Mulmur council supports moratorium on new gravel licences

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Supporters of a grassroots campaign DAMN – Demand a Moratorium Now – are calling on Mulmur to join those advocating for a pause on all new aggregate operations until an independent panel can find a way to better regulate them while giving thecommunity a say and honouring treaty rights.

Leah Pressey and Peter Yam appeared before Mulmur council on Wednesday in support of the Reform Gravel Mining Coalition’s campaign. Partners in the campaign include Environmental Defence, The Wilderness Committee, The Council of Canadians and The Water Watchers, with the support of 38 community groups that have joined the coalition, and supported by a petition signed by almost 6,000.

They say 16 councils have voted to support the moratorium so far.

The delegation is asking Mulmur council to add its name to the list of municipalities that agree the gravel mining industry in Ontario is broken, and establish a pause in order to fix the chronic issues associated with the industry.

“The issue here is that gravel mining is not benign it is not a harmless activity,” said Pressey. “It destroys existing natural environments and can damage communities. The products from gravel mining feed highway sprawl and climate change.”

She said that municipalities have little oversight over mining but remain ultimately responsible for water quality.

“We should be attempting to minimize the number of gravel mines in Ontario, unfortunately the opposite is happening,” said Pressey.

According to the Reform Gravel Mining Coalition gravel production outweighs gravel use: Thirteen times more gravel is mined annually than is used, destroying 5,000 acres of land per year, and using 4.6 billion litres of water per day, while aggregate companies are paying less property tax than some single family home owners.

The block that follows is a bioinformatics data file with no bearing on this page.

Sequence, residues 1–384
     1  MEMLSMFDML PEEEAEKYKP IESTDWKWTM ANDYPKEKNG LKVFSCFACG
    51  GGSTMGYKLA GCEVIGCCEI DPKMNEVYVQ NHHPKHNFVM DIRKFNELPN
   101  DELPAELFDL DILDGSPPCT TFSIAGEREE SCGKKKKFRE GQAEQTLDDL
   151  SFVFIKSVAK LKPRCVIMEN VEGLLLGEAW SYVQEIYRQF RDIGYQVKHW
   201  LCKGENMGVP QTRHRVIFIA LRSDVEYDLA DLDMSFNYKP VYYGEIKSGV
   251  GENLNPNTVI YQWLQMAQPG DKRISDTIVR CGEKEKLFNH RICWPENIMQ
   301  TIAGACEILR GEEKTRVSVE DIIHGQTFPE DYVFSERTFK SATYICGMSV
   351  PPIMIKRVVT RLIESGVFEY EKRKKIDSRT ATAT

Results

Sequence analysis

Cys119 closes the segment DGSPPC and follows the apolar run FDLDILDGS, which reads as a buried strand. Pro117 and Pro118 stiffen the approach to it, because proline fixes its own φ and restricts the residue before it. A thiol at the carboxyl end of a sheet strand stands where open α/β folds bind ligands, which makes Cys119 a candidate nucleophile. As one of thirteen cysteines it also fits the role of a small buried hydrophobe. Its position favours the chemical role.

“So we’re scarring more land but producing less gravel,” said Pressey.

They are calling on reforms to the current system which favours corporations, does not require them to demonstrate a need for new gravel mines, places an unfair burden on residents to protect land, and ignores the rights of Indigenous Nations.

“We’re calling on the provincial government to impose an immediate moratorium, a temporary pause on new gravel mining approvals,” said Yam, allowing time for assessment of policies and priorities, and independent expert planning to inform a better way of approving gravel extraction.”

He said this will allow current mining operations to continue and will not result in a gravel shortage, as indicated by the data.

“We have to stop gravel from adding to the chaos of climate change. We have to protect our groundwater and farmland,” said Yam.

“The current process and power structure is woefully out of date,” said Councillor Shirley Boxem who put forward a motion to support the moratorium. “Let’s put a hold on future [licence approvals] and let’s try to get this process right and balanced, relying on third party information instead of industry information, which tends to be in one direction.”

Later in the afternoon, council voted unanimously to support the call for a moratorium.

“It’s important to demonstrate that as a community we would like to a fairer process because right now it’s going in there whether you like it or not. I know no-one wants it in their backyard but there should be some sort of consultation process,” said Boxem.

To sign the DAMN petition, visit www. reformgravelmining.ca.

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